Marian David defends the correspondence theory of truth against the disquotational theory of truth, its current major rival. The correspondence theory asserts that truth is a philosophically rich and profound notion in need of serious explanation. Disquotationalists offer a radically deflationary account inspired by Tarski and propagated by Quine and others. They reject the correspondence theory, insist truth is anemic, and advance an qanti-theoryq of truth that is essentially a collection of platitudes: qSnow is whiteq is true if and only if snow is white; qGrass is greenq is true if and only if grass is green. According to disquotationalists, the only profound insight about truth is that it lacks profundity. David contrasts the correspondence theory with disquotationalism and then develops the latter position in rich detail - more than has been available in previous literature - to show its faults. He demonstrates that disquotationalism is not a tenable theory of truth, as it has too many absurd consequences.Marian David defends the correspondence theory of truth against the disquotational theory of truth, its current major rival.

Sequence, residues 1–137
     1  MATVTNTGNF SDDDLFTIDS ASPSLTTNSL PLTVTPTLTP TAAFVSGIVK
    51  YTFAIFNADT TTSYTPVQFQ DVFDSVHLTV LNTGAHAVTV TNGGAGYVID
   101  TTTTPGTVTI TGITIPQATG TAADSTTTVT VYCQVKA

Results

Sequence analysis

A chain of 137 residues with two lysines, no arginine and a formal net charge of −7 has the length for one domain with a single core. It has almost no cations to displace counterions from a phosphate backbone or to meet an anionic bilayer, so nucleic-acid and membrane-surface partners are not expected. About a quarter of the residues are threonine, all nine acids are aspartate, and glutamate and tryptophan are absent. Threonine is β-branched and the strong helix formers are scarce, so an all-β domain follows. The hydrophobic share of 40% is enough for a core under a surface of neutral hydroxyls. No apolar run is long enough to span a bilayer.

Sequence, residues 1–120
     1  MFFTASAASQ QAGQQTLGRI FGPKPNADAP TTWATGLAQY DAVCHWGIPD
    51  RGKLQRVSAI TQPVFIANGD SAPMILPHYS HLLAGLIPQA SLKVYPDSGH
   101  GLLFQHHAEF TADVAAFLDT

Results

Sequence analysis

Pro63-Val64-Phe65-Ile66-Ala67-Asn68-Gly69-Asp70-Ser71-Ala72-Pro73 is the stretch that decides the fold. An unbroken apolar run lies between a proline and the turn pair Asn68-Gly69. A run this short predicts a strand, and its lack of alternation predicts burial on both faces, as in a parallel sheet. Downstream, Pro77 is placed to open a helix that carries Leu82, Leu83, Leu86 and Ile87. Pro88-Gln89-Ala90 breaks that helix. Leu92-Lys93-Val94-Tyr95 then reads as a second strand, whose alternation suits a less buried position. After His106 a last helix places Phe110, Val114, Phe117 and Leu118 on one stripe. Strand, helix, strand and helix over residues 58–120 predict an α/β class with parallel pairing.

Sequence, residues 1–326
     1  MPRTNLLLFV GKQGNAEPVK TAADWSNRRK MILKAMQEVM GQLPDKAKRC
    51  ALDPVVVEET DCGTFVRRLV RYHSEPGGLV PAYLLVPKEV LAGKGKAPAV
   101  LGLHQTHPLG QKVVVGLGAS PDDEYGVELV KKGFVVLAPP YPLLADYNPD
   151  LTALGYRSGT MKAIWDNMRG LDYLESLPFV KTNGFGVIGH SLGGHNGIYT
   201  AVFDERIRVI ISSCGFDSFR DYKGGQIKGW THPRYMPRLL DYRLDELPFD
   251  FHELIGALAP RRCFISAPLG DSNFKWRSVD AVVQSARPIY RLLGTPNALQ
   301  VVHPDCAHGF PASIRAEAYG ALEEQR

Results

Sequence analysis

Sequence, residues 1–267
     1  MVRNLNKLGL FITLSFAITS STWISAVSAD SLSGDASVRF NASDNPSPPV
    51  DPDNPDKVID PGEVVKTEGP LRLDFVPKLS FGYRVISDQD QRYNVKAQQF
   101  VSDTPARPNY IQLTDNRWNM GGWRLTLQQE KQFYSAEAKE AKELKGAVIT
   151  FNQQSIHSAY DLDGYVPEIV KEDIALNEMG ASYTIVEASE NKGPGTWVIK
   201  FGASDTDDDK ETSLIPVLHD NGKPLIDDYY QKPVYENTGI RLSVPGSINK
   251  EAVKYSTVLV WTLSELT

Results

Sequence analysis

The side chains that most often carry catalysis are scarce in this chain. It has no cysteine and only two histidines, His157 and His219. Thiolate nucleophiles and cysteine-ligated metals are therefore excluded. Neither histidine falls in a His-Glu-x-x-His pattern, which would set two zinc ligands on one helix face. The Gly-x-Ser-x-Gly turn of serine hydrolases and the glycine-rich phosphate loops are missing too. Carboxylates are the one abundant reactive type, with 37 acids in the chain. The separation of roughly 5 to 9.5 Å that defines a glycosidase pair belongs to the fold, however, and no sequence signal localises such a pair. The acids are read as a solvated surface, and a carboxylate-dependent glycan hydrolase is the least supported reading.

|Title||:||Correspondence and Disquotation|
|Author||:||Marian Alexander David|
|Publisher||:||Oxford University Press on Demand - 1994|